I already touched on the fact that this can be a costly category in your planning. You do not have to be technology whiz to order custom invitations online from Etsy or Vistaprint, or use the discount stores’ photo websites to create invitations to be picked up in the store. Those are going to be the more expensive options. Packs of invitations to be handwritten can be picked up at the dollar or discount stores for a more reasonable price. But both of the options require postage.
While I prefer the old-fashioned postage-stamped invite, it can become expensive depending on the size of your guest list. One way around this is to hand-deliver at least some of the invitations, if the alternative is practical.
Websites, such as Facebook or Evite, allow you to electronically invite guests by using email addresses. Most of the sites are free, and it is helpful to return to the invitation to see who has confirmed and which stragglers have not RSVP’d.
Shopping for decorations
Party decorations and paper products can be another costly part of your party budget, depending on how much emphasis you put on these items. For my daughter’s first birthday, I went way overboard on luau decorations. Even though my purchases were made at Dollar Tree, I bought way more than I needed. Dollar and discount stores are great places to shop for decorations, plates, napkins, and more, especially if your child has chosen a popular theme that is easily available.
The TV series The Bubble Guppies is a couple years old and not nearly as popular as Minnie Mouse or Frozen. I had to search online to shop for Guppies-themed items instead of being able to shop in brick and mortar stores. I spent enough to qualify for free shipping without overbuying as I did the year before.
Cake- Nom nom!
This is the category in which I tend to splurge. My hips and waist can attest. We buy birthday cakes from a family friend, who is on the cusp of launching her own business. She bakes the cakes from scratch and spends hours crafting delicate decorations from fondant. At our celebrations, the birthday girl received a lot of attention but the cakes got the rest. This year’s delicacy was a three-tier yellow cake decked out with Bubble Guppies characters and buttercream icing.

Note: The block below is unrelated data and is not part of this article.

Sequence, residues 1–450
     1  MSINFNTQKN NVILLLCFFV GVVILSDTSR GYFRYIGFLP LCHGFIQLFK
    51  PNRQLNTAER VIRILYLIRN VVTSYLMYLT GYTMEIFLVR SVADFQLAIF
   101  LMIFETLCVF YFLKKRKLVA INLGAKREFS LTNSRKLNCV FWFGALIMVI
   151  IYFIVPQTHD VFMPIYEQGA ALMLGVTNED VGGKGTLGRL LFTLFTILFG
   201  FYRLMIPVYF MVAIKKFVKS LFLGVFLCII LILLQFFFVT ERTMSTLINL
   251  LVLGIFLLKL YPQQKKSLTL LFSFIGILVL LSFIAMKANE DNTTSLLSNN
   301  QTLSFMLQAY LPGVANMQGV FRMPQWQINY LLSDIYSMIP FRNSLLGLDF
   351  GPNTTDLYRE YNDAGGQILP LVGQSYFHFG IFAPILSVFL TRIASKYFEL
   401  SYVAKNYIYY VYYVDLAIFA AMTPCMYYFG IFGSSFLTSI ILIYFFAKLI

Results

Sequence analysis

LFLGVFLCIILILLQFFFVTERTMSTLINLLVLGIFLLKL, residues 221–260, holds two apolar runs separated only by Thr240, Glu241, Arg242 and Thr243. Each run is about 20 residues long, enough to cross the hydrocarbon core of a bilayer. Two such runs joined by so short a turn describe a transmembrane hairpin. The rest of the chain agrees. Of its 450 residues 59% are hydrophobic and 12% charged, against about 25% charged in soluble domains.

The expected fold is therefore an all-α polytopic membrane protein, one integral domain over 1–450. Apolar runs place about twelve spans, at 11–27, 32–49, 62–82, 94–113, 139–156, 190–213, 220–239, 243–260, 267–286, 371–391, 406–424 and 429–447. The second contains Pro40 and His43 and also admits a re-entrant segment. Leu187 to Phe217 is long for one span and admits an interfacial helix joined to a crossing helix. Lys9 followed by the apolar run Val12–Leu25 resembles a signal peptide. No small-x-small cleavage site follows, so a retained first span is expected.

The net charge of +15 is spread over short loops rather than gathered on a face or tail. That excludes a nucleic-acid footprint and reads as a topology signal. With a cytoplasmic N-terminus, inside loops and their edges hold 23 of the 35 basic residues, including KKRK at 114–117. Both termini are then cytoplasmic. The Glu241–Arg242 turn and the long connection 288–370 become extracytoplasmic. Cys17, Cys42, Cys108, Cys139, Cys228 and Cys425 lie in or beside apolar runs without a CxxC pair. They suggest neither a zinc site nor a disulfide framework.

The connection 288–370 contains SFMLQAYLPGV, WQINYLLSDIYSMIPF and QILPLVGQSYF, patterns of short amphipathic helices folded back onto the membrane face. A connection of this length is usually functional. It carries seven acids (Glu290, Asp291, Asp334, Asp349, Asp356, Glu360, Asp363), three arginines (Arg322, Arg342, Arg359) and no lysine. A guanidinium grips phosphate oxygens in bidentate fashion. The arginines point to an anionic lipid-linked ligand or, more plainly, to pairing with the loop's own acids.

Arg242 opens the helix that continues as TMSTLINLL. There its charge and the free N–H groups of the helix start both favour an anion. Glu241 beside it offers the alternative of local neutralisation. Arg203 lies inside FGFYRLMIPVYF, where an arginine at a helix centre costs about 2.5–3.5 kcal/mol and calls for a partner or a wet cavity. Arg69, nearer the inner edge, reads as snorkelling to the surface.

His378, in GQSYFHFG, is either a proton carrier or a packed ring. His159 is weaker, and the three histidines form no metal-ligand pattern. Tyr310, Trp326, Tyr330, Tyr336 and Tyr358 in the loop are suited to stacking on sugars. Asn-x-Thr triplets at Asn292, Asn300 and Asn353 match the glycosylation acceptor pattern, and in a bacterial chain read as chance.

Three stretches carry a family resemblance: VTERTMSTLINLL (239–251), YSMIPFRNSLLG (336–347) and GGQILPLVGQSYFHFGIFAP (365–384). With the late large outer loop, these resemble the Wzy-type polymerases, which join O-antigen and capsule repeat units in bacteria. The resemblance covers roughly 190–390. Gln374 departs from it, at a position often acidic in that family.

For other birthday celebrations, I have baked cupcakes and bought store-made sheet cakes. A family favorite is Dairy Queen’s ice cream cake.
Again, for the budget-conscious this is an expenditure you can cut back as needed by doing it yourself.
A no-presents policy
As a parent of two kids who have too many toys and gadgets, I have pondered the etiquette of slapping “no gifts please” on the party invitations. But then I feel torn between short-changing my child and offending my guests – so we just end up with more toys and trinkets.
Laurie Minnix of Troutville was really pleased when her daughter, Ellie McClung, who was turning seven at the time, asked for donations for Saint Francis Service Dogs in lieu of birthday presents. St. Francis is a Roanoke County-based nonprofit that trains and partners service dogs with individuals with disabilities.
“It’s a great idea. Ellie totally initiated it on her own,” Minnix said.
Ellie’s birthday celebration guests were primarily family, and Minnix said all were supportive of her request. Many donated money directly to the charity, while others brought items for Ellie to deliver herself.
“The physical things that we delivered seemed to make more of an impact initially,” Minnix recalled. Ellie “was all smiles dropping off the donations.”
“She was very proud and honored to be able to contribute t the animals, who could in turn contribute to kids or families in need,” Minnix said.
This year, around the time of Ellie’s eighth birthday, the nonprofit organization sent the family a letter soliciting support.
“Ellie happily gave more of her birthday money. It is a great snowball effect,” Minnix said.